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ARO309 - Astronautics and Spacecraft Design. Winter 2014 Try Lam CalPoly Pomona Aerospace Engineering. Two-Body Dynamics: Orbits in 3D. Chapter 4. Introductions. So far we have focus on the orbital mechanics of a spacecraft in 2D.

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ARO309 - Astronautics and Spacecraft Design

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ARO309 - Astronautics and Spacecraft Design

Winter 2014

Try Lam

CalPoly Pomona Aerospace Engineering


Two-Body Dynamics: Orbits in 3D

Chapter 4


Introductions

  • So far we have focus on the orbital mechanics of a spacecraft in 2D.

  • In this Chapter we will now move to 3D and express orbits using all 6 orbital elements


Geocentric Equatorial Frame


Orbital Elements

  • Classical Orbital Elements are:

    a = semi-major axis (or h or ε)

    e = eccentricity

    i = inclination

    Ω = longitude of ascending node

    ω = argument of periapsis

    θ = true anomaly


Orbital Elements


Orbital Elements


Orbital Elements


Coordinate Transformation

  • Answers the question of “what are the parameters in another coordinate frame”

y

y’

x’

Q

x

Transformation

(or direction cosine)

matrix

z

z’

Q is a orthogonal transformation matrix


Coordinate Transformation

Where

And

Where is made up of rotations about the axis {a, b, or c} by the angle {θd, θe, and θf}

3rd rotation

2nd rotation

1st rotation


Coordinate Transformation

For example the Euler angle sequence for rotation is the 3-1-3 rotation

where you rotate by the angle α along the 3rd axis (usually z-axis), then by β along the 1st axis, and then by γ along the 3rd axis.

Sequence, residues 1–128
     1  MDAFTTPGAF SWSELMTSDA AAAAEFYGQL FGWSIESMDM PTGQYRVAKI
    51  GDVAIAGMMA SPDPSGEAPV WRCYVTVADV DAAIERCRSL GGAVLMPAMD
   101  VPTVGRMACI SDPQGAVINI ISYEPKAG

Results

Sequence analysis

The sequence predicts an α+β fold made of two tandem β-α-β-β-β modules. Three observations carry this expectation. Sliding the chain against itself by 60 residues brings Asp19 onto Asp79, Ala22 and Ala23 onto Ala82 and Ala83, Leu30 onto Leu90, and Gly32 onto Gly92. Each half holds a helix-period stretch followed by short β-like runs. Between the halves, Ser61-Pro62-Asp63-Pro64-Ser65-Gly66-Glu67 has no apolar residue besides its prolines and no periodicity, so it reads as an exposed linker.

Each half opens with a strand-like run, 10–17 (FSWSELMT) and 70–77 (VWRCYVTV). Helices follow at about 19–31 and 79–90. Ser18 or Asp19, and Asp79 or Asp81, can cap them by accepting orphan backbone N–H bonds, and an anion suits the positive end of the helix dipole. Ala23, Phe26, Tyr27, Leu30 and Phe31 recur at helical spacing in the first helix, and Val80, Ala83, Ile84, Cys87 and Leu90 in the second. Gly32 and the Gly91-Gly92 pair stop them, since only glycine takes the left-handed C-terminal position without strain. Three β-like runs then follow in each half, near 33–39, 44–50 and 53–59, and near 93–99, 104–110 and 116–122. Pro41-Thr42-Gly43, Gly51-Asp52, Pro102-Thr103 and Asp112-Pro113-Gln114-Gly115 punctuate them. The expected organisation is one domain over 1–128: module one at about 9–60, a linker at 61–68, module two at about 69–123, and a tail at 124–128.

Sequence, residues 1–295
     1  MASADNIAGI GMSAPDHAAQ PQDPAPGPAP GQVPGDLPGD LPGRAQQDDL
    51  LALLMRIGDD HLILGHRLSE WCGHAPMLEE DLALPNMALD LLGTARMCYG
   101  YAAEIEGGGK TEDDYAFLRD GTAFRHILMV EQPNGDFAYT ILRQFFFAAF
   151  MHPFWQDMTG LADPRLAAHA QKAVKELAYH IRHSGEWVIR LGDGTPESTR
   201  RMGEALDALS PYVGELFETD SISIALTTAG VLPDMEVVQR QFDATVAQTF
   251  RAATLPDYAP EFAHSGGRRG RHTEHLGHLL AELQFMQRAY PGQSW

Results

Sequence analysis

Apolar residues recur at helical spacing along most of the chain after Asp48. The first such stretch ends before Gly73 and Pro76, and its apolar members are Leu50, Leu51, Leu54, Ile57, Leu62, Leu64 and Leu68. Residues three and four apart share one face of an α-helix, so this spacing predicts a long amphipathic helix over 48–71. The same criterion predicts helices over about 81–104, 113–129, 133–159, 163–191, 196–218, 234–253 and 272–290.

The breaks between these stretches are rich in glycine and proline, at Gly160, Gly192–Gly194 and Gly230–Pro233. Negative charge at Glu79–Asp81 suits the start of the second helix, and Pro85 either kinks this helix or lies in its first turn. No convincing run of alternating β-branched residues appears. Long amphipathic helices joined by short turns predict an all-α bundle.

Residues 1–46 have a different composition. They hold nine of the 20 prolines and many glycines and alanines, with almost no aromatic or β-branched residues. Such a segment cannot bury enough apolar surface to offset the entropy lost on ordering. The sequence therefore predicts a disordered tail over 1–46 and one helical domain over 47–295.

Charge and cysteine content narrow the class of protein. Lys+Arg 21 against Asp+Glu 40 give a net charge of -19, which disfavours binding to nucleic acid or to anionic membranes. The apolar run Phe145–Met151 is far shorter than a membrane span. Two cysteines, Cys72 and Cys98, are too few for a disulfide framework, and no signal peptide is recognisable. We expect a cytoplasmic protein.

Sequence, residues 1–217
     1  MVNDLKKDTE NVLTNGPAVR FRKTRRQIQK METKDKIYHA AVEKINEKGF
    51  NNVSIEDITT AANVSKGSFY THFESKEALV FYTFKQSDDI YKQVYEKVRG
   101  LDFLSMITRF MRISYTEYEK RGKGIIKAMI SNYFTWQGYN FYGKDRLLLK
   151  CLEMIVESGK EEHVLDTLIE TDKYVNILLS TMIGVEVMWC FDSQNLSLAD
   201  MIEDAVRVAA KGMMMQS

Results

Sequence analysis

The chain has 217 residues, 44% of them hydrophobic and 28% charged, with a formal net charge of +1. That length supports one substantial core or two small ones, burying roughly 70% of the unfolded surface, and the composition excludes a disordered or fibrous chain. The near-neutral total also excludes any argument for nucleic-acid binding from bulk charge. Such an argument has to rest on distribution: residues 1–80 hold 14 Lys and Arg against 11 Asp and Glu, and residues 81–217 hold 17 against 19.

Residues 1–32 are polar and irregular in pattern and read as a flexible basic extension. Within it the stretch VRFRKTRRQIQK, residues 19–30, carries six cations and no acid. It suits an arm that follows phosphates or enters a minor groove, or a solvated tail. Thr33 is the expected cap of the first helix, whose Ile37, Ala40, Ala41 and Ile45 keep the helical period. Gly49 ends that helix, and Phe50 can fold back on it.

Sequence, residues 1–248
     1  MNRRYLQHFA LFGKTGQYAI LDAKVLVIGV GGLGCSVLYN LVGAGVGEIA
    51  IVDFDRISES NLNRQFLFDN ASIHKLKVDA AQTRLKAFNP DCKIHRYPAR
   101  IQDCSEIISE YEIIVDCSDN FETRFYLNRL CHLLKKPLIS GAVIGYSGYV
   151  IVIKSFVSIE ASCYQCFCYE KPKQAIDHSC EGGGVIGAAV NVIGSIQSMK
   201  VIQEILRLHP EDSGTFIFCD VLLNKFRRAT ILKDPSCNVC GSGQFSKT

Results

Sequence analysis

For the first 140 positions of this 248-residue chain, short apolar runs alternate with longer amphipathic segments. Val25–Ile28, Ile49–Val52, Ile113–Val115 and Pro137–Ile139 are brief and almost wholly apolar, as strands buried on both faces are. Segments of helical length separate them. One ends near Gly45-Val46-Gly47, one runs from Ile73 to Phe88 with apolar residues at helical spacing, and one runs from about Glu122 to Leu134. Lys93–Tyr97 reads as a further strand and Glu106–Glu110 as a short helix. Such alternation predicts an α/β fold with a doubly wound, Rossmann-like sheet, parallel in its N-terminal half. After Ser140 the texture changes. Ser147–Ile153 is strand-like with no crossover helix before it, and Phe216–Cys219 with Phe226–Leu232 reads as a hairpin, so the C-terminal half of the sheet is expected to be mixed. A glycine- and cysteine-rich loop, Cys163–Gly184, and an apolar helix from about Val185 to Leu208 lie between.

Thus, the angles can be found from elements of Q


Coordinate Transformation

Classic Euler Sequence from xyz to x’y’z’


Coordinate Transformation

For example the Yaw-Pitch-Roll sequence for rotation is the 1-2-3 rotation

where you rotate by the angle α along the 3rd axis (usually z-axis), then by β along the 2nd axis, and then by γ along the 1st axis.

Thus, the angles can be found from elements of Q


Coordinate Transformation

Yaw, Pitch, and Roll Sequence from xyz to x’y’z’


Transformation between Geocentric Equatorial and Perifocal Frame

Transferring between pqw frame and xyz

Transformation from geocentric equatorial to perifocal frame


Transformation between Geocentric Equatorial and Perifocal Frame

Transformation from perifocal to geocentric equatorial frame is then

Therefore


Perturbation to Orbits

Oblateness

  • Planets are not perfect spheres


Perturbation to Orbits

Oblateness


Perturbation to Orbits

Oblateness


Perturbation to Orbits

Oblateness


Perturbation to Orbits

Oblateness


Sun-Synchronous Orbits

Orbits where the orbit plane is at a fix angle α from the Sun-planet line

Thus the orbit plane must rotate 360° per year (365.25 days) or 0.9856°/day


Finding State of S/C w/Oblateness

  • Given: Initial State Vector

  • Find: State after Δt assuming oblateness (J2)

  • Steps finding updated state at a future Δt assuming perturbation

  • Compute the orbital elements of the state

  • Find the orbit period, T, and mean motion, n

  • Find the eccentric anomaly

  • Calculate time since periapsis passage, t, using Kepler’s equation


Finding State of S/C w/Oblateness

  • Calculate new time as tf = t + Δt

  • Find the number of orbit periods elapsed since original periapsis passage

  • Find the time since periapsis passage for the final orbit

  • Find the new mean anomaly for orbit n

  • Use Newton’s method and Kepler’s equation to find the Eccentric anomaly (See slide 57)


Finding State of S/C w/Oblateness

  • Find the new true anomaly

  • Find position and velocity in the perifocal frame


Finding State of S/C w/Oblateness

  • Compute the rate of the ascending node

  • Compute the new ascending node for orbit n

  • Find the argument of periapsis rate

  • Find the new argument of periapsis


Finding State of S/C w/Oblateness

  • Compute the transformation matrix [Q] using the inclination, the UPDATED argument of periapsis, and the UPDATED longitude of ascending node

  • Find the r and v in the geocentric frame


Ground Tracks

Projection of a satellite’s orbit on the planet’s surface


Ground Tracks

Projection of a satellite’s orbit on the planet’s surface


Ground Tracks

Projection of a satellite’s orbit on the planet’s surface

Ground Tracks reveal the orbit period

Ground Tracks reveal the orbit inclination

If the argument of perispais, ω, is zero, then the shape below and above the equator are the same.


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